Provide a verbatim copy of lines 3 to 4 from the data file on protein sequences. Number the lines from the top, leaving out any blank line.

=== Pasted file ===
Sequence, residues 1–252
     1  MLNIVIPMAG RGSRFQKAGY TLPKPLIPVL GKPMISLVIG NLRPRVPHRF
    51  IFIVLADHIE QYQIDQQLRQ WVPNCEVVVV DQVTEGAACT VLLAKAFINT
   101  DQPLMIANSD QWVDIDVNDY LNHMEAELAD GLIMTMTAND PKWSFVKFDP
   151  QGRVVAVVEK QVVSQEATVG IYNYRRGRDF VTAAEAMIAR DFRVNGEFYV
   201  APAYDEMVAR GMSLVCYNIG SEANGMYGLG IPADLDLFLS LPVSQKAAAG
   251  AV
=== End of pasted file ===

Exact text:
    51  IFIVLADHIE QYQIDQQLRQ WVPNCEVVVV DQVTEGAACT VLLAKAFINT
   101  DQPLMIANSD QWVDIDVNDY LNHMEAELAD GLIMTMTAND PKWSFVKFDP